They resent fashion in all its forms; every T-shirt has to refer to something else, be it a band or a Red Dwarf character. The strange thing about this particular subculture is that it doesn't seem to be something that people grow out of. We've all had our stages with different scenes, but mostly they're just fleeting obsessions with a rebel ideal. For guys like this, it seems to be more of a long-term lifestyle choice – a monastic vow of uncool.

THE BULLIES
Then: Unless you're one of those people who was bullied by literally everyone at school (and we'll come to you later), then you'll understand that there was a key difference between the lads/popular girls and the dyed-in-the-wool bullies. The cool crew would occasionally join in with a bit of torment, but you got the impression that it was only something they had a passing interest in.

For the bullies, it was their livelihood, be they pig-faced Clearasil grunts who cried when they got subbed off in football, or wild-eyed rudegirl fishwives. Ever been to a bully's house? It's not just a John Hughes movie cliche that they always have hateful parents who make fun of them for being fat or stupid or both. I know they made people's lives a misery, but I always felt kind of sorry for them. Also, factor in the reality that without bullies we'd have a lot more people like Ollie Locke and Ed Sheeran and perhaps you'll see that the bullies weren't all bad. They provided a kind of annoying but vital service, like mosquitos or the police.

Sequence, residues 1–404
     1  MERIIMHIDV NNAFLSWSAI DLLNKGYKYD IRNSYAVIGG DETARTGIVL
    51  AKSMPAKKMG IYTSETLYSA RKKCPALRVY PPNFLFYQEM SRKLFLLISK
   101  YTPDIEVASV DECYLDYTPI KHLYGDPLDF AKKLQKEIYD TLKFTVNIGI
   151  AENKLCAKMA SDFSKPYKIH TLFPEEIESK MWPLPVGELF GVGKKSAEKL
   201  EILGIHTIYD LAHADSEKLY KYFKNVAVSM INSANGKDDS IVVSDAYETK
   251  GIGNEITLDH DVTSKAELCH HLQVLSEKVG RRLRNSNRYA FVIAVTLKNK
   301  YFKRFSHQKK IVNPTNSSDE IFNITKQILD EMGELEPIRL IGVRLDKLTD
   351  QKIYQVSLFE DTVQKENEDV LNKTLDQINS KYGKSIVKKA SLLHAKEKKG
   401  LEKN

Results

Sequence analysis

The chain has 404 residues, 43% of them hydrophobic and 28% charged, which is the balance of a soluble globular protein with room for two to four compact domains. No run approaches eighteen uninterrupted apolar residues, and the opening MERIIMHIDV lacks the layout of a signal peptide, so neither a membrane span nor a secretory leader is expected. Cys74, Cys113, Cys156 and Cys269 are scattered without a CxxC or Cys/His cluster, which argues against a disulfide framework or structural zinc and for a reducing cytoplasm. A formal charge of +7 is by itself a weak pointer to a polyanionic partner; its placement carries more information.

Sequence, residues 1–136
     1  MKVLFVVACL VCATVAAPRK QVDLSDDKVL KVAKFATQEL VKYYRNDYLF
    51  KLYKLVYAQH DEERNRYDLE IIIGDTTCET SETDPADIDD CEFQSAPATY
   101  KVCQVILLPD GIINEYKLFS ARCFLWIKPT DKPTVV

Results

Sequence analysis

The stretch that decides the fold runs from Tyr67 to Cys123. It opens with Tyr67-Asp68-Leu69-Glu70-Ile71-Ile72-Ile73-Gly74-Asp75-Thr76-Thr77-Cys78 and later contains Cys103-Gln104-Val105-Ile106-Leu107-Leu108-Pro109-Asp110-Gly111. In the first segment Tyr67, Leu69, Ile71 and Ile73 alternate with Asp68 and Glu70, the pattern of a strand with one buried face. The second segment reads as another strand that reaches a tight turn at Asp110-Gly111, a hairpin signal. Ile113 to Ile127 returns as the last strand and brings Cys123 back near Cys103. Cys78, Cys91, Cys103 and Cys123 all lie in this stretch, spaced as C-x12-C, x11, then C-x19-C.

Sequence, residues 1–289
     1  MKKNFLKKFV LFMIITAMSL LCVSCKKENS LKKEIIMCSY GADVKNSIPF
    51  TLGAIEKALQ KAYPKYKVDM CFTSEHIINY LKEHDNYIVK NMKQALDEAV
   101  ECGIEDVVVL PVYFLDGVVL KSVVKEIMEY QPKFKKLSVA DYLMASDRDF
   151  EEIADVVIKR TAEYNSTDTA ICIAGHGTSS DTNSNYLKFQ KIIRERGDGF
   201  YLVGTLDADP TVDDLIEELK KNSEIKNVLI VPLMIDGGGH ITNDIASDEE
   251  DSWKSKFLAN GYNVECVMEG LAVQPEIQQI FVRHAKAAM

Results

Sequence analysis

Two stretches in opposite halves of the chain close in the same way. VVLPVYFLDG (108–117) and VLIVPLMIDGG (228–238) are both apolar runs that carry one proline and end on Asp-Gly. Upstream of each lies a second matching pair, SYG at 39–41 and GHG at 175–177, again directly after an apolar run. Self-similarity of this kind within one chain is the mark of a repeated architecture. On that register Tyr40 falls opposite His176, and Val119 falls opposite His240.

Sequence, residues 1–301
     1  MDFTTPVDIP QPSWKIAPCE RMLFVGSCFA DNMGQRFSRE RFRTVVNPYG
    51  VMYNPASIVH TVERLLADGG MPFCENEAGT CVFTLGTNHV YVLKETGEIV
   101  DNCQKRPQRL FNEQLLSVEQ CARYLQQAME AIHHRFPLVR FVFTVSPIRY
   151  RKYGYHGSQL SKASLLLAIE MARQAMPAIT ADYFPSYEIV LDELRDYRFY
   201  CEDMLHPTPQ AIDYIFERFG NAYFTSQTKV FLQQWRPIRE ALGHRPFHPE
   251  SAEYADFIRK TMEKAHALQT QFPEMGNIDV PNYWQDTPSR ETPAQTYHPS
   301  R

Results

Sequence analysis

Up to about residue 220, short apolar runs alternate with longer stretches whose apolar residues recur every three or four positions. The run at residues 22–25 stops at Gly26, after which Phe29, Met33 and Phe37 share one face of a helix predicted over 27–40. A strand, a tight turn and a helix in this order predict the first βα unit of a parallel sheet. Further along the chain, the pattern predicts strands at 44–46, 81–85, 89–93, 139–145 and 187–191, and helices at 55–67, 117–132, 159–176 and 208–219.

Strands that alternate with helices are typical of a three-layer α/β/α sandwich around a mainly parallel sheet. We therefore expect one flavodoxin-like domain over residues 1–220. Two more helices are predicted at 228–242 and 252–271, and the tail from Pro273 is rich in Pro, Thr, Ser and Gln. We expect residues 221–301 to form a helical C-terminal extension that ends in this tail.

Now: Ever wonder why bouncers always like to make you line up for hours despite the club being half full and it being colder outside than a Siberian belt buckle? Ever wonder why that community support officer keeps showerfacing your barbeque? Ever wonder why it takes so long to get served in Wickes? It's because you used to get these people to smash beer cans on their heads at parties. You reap what you sow.

THE OPINIONATED TYPES
Then: